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Witness scheme spending drops to €800,000


Witnesses can be given new identities, often abroad

Witnesses can be given new identities, often abroad

Witnesses can be given new identities, often abroad

The Government spent less on the State's Witness Protection Programme last year than in any year since 2011.

Department of Justice figures reveal that €800,000 was spent on the programme in 2017 compared with €1.32m in 2016.

Last year, €1.19m was alloc- ated to the scheme, but just over €400,000 of this money was not used.

The Witness Protection Programme (WPP) has caused controversy since it was introduced in the aftermath of the murder of journalist Veronica Guerin in 1996, but it remains a highly secretive scheme.


The WPP is operated by gardai and overseen by the Crime and Security Section at Garda Headquarters, supported by the Special Detective Unit and other local garda resources.

The operation of the prog-ramme and resources required for it are under continuous review.

Around €750,000 was spent each year on the WPP in 2013 and 2012; in 2010 and 2011, €700,000 was spent annually.

Operated on an ad hoc basis by the Garda Commissioner, the scheme, which has not been placed on a statutory footing, has been criticised by the Court of Criminal Appeal.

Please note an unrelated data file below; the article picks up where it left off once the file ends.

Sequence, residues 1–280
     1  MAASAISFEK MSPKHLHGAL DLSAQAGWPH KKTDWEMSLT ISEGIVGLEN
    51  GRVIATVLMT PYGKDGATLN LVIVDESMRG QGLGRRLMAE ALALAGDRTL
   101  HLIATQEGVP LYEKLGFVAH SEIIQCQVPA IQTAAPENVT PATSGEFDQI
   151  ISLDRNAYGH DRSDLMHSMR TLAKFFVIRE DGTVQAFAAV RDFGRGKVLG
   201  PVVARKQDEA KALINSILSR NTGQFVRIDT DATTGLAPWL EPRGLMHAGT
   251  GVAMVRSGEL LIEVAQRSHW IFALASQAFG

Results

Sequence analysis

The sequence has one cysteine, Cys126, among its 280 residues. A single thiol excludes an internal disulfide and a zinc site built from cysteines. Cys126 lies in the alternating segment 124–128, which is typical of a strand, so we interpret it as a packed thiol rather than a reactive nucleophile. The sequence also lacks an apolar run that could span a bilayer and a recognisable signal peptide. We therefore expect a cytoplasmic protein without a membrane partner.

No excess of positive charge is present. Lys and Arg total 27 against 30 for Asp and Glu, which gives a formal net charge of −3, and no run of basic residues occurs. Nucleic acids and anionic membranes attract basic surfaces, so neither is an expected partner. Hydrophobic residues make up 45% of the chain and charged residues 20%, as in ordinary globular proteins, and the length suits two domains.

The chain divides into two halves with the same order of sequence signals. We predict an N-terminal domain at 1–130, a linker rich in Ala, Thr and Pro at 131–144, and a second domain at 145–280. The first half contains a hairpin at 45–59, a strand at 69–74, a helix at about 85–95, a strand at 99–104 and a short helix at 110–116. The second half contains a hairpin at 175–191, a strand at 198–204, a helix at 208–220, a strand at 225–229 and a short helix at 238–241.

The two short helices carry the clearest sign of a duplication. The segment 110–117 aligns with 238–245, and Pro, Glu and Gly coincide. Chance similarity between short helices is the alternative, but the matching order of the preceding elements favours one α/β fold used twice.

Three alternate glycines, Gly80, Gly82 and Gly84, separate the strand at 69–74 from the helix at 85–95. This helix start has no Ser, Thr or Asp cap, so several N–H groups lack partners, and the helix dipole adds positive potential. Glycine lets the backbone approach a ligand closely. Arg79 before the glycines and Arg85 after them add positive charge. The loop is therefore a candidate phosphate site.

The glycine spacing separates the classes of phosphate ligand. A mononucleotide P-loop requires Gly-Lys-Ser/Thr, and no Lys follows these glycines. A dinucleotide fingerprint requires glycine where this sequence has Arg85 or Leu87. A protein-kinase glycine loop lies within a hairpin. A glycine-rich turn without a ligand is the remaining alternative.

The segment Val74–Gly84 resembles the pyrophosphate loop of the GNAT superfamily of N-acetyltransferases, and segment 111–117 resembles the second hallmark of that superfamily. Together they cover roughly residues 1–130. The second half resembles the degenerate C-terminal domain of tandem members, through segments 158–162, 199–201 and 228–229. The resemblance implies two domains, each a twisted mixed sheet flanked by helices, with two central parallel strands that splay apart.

Following the failed Guerin murder trial involving convicted drug dealer John Gilligan, Judge Brian McCracken warned that the programme was badly thought-out and "one of the most worrying features is that there never seems to have actually been a programme".

Former Justice Minister Dermot Ahern also expressed concerns about the WPP in the past.

"Unfortunately, people who are targeted for witness protection, whatever it is in the Irish psyche, they don't want to leave their home, they don't want to take up their life and go to the UK or Australia and start up a new life," he said.

These sentiments were backed up in 2009 by then Director of Public Prosecutions James Hamilton, who said he felt the programme was "of limited use".

Mr Hamilton said it was a "fairly drastic" step to ask people who had witnessed a crime to move to another country and leave their families.

Among those in the WPP is David Cullen, from Tallaght, who has been giving evidence in the trial of Kevin Braney (44), also of Tallaght, who pleaded not guilty to murdering dissident republican Peter Butterly.


During the trial for the 2016 murder of Gareth Hutch (36), it was revealed that €40,000 had been spent in a year on accommodation for a key witness.

However, state witness Mary McDonnell had refused to go into the WPP.

In 2011, a Crumlin man who gave evidence against four former associates became a witness and entered the WPP along with members of his family.

A contract was put on the life of Joseph O'Brien after he gave evidence in the murder trial of John 'Champagne' Carroll.

Mr O'Brien left Ireland immediately after the trial.